In The Shadow Of The Wall.

Twenty nine years have passed since the most famous wall in Europe ceased to divide the German capital in two.
It was 1989 and the imminent entry into the nineties seemed to be the dawn of a new world; the fall of the wall had indeed decreed the unification of Germany together with the crush of the Union of Soviet Socialist Republics (USSR) that would soon crumble to the ground in a myriad of post-communist statelets.
The fall of the Berlin wall brought with it the destruction of geo-political arrangements that hitherto seemed impregnable and set out the premises of Europe and the world of the time, a world that had never before seemed so united.

However, since that time, the number of barriers built by people to separate themselves from other people has increased exponentially. While in 1989 there were fifteen control/defence walls, the number has now increased to over seventy.
According to a study published in 2016 by experts at Quebec University, Elizabeth Vallet, Zoe Barry and Josselyn Guillarmou, when the Berlin wall was knocked down, there were 16 barriers in the world. Today there are 63, involving 67 countries, whether complete or being planned.
Globalisation which ought to have brought about the gradual removal of the remaining barriers has instead been the cause of renewed security fears. One third of the countries of the world today have barriers of one kind or another along their borders. While in the continent of Africa there are twelve, there are two in America, dividing the USA from Mexico and the latter from Guatemala.

As many as 36 walls fragment Asia and the Middle East, most of which are located in the east of the old continent; 14 of these barriers were constructed since 2013, relatively recently. One of the main causes of their construction has to do with the management of immigrants. Following the reopening of the Balkan route during 2015, work began on more barriers than all those constructed in the previous 27 years. They amounted to 17 barriers in all continents, to which we may add the four constructed in 2016.All this amounts to growth in fortification in recent years: since the year 2000, around ten thousand kilometres of cement and barbed wire have segregated lands and affirmed borders. From Hungary to Bulgaria, from the two Koreas to Jordan, from Saudi Arabia to India and Trump’s wall on the Mexican border, countries are locking their doors to keep away migrants and protect themselves from terrorism. Globalisation and wars have brought about the movement of millions of human beings, embittering the terms of collective co-existence and spreading fear and insecurity.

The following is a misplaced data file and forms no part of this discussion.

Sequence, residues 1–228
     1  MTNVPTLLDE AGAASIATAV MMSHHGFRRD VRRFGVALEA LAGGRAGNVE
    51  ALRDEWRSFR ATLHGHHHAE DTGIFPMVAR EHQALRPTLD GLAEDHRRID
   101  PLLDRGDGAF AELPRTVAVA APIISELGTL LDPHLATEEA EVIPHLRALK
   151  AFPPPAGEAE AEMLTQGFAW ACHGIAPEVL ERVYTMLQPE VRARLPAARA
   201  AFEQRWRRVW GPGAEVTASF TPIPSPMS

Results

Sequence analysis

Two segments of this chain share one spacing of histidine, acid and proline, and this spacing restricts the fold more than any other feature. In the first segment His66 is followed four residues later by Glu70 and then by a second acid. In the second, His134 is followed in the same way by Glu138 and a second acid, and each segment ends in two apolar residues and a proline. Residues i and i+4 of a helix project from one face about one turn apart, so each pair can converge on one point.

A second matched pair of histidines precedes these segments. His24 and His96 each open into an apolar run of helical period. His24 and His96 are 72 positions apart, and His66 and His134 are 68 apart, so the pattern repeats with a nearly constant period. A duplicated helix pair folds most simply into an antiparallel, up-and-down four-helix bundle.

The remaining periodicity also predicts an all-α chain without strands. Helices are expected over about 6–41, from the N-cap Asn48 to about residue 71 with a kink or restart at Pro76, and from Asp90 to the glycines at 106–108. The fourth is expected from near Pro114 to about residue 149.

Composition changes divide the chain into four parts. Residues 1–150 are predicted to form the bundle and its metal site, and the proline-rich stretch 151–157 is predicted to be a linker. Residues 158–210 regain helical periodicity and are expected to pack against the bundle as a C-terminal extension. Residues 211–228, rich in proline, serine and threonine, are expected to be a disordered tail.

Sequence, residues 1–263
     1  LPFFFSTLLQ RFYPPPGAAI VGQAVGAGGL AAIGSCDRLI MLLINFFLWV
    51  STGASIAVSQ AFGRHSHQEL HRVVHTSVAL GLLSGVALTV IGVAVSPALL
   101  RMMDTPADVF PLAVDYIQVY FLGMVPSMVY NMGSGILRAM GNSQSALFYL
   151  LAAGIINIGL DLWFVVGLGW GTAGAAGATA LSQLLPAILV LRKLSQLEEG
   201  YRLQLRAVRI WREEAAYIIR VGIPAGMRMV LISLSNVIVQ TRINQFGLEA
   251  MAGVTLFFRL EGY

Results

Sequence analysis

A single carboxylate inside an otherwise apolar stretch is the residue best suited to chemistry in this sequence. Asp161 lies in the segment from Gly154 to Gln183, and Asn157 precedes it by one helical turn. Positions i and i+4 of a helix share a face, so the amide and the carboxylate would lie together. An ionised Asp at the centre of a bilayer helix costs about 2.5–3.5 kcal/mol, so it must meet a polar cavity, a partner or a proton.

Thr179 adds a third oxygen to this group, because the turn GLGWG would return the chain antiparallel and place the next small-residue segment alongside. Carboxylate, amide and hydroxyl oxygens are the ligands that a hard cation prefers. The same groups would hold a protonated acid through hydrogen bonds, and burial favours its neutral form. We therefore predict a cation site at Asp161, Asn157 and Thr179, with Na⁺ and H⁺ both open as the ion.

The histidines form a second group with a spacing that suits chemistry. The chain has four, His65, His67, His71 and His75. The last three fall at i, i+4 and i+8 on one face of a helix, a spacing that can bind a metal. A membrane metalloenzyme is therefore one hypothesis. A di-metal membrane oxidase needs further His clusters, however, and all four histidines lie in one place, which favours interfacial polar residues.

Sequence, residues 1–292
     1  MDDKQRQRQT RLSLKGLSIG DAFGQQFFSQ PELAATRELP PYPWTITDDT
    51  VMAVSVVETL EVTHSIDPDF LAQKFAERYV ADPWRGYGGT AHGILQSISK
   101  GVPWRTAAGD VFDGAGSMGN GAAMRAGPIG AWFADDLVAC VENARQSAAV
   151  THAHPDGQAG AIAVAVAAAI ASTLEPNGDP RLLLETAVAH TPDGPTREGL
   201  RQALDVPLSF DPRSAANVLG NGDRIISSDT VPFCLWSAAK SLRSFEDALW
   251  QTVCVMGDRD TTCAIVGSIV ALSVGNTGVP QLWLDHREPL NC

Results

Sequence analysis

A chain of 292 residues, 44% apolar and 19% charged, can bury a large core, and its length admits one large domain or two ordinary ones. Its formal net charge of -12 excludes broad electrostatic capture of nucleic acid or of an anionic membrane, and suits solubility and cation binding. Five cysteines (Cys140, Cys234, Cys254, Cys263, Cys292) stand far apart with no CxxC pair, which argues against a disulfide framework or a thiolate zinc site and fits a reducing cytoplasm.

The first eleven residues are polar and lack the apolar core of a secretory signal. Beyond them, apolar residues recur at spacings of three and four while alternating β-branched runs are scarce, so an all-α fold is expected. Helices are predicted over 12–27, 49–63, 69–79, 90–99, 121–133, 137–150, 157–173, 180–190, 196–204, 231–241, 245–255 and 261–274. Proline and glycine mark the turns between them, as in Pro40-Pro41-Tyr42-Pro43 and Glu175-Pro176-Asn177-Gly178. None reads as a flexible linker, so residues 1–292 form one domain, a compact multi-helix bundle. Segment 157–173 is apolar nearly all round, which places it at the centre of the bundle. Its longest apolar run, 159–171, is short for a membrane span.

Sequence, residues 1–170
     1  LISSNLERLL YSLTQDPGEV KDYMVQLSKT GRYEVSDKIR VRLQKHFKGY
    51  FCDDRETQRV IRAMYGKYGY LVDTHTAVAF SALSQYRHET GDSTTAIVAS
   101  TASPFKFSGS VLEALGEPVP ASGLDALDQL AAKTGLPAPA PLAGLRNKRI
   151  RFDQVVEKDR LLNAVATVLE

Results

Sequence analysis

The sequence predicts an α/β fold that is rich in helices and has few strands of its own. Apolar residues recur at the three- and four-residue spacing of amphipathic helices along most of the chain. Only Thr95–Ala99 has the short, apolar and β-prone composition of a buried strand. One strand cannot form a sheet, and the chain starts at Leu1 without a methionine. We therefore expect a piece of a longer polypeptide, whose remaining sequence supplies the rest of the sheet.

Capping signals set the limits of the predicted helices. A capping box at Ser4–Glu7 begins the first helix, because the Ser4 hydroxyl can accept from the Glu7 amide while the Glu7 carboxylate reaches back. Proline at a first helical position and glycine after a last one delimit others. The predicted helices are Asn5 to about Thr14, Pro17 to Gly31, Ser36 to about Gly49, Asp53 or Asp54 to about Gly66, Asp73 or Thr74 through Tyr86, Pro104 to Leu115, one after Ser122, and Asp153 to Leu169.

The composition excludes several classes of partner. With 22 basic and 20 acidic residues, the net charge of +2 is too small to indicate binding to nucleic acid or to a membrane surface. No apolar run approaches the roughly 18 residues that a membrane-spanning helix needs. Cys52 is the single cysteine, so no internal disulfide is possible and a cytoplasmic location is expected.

International politics has reacted to the crisis of the new millennium with a reactionary involution, building physical and psychological barriers. In practice, in the imagination of people, these walls are essentially of two kinds: those against migratory movements, conceived to protect sovereign states from invasion by the new ‘Barbarian hordes’, and those barriers raised against hostile people with the purpose of protecting their territory against war and terrorism brought by bordering populations for political, economic or religious reasons. To these examples we may add the appearance of a new sort of barrier, an example of which is that of Pretoria, the capital of South Africa, in June of last year. The mayor of the city proposed the construction of a wall to separate two communities, after seeing the tensions between the inhabitants of the rich residential area of Mamelodi and those of the township (a shanty town without basic amenities) called Mountain View. This wall to separate rich and poor seems all the more absurd since it exists in a country that only in 1994 succeeded in shedding its apartheid skin. It is a reflection of a situation in which the dreams of those who fought against the policies of racial segregation and for equal opportunity for all are shattered by the aridity of a few. It is a situation in which riches, in practical terms, mark the border between ‘us’ and ‘them’, between those who live in one part of the world and those who find it hard to survive in the other.




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